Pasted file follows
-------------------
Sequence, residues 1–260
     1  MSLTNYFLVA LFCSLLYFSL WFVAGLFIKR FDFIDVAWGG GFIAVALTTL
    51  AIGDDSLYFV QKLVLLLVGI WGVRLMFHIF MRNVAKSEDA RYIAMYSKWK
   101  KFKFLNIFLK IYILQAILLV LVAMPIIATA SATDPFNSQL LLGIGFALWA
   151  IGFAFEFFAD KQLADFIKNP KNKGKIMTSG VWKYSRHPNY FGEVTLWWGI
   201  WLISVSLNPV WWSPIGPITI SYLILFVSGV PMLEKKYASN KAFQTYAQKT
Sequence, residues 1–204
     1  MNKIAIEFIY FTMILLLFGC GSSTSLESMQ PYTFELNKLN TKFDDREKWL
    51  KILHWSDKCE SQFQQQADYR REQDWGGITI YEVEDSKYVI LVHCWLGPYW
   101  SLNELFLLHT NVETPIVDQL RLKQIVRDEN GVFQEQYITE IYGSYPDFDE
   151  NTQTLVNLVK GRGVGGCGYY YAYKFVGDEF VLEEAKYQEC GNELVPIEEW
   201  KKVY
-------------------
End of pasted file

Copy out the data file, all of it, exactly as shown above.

Sequence, residues 1–260
     1  MSLTNYFLVA LFCSLLYFSL WFVAGLFIKR FDFIDVAWGG GFIAVALTTL
    51  AIGDDSLYFV QKLVLLLVGI WGVRLMFHIF MRNVAKSEDA RYIAMYSKWK
   101  KFKFLNIFLK IYILQAILLV LVAMPIIATA SATDPFNSQL LLGIGFALWA
   151  IGFAFEFFAD KQLADFIKNP KNKGKIMTSG VWKYSRHPNY FGEVTLWWGI
   201  WLISVSLNPV WWSPIGPITI SYLILFVSGV PMLEKKYASN KAFQTYAQKT
Sequence, residues 1–204
     1  MNKIAIEFIY FTMILLLFGC GSSTSLESMQ PYTFELNKLN TKFDDREKWL
    51  KILHWSDKCE SQFQQQADYR REQDWGGITI YEVEDSKYVI LVHCWLGPYW
   101  SLNELFLLHT NVETPIVDQL RLKQIVRDEN GVFQEQYITE IYGSYPDFDE
   151  NTQTLVNLVK GRGVGGCGYY YAYKFVGDEF VLEEAKYQEC GNELVPIEEW
   201  KKVY